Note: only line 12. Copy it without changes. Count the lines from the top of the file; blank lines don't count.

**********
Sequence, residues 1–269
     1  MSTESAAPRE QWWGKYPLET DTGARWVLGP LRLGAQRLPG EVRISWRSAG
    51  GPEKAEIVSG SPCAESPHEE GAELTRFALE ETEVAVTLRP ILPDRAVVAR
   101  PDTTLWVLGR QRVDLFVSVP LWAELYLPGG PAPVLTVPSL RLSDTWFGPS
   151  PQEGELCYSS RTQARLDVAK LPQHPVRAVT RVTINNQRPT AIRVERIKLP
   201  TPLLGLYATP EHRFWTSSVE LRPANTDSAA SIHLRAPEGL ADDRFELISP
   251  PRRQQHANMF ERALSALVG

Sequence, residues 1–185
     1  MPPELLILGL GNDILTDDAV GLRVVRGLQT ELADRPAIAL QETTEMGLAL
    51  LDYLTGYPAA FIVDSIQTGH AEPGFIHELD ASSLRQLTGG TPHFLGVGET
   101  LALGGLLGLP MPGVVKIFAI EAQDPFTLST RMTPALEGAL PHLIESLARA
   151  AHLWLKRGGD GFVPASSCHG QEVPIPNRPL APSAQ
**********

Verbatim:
   151  AHLWLKRGGD GFVPASSCHG QEVPIPNRPL APSAQ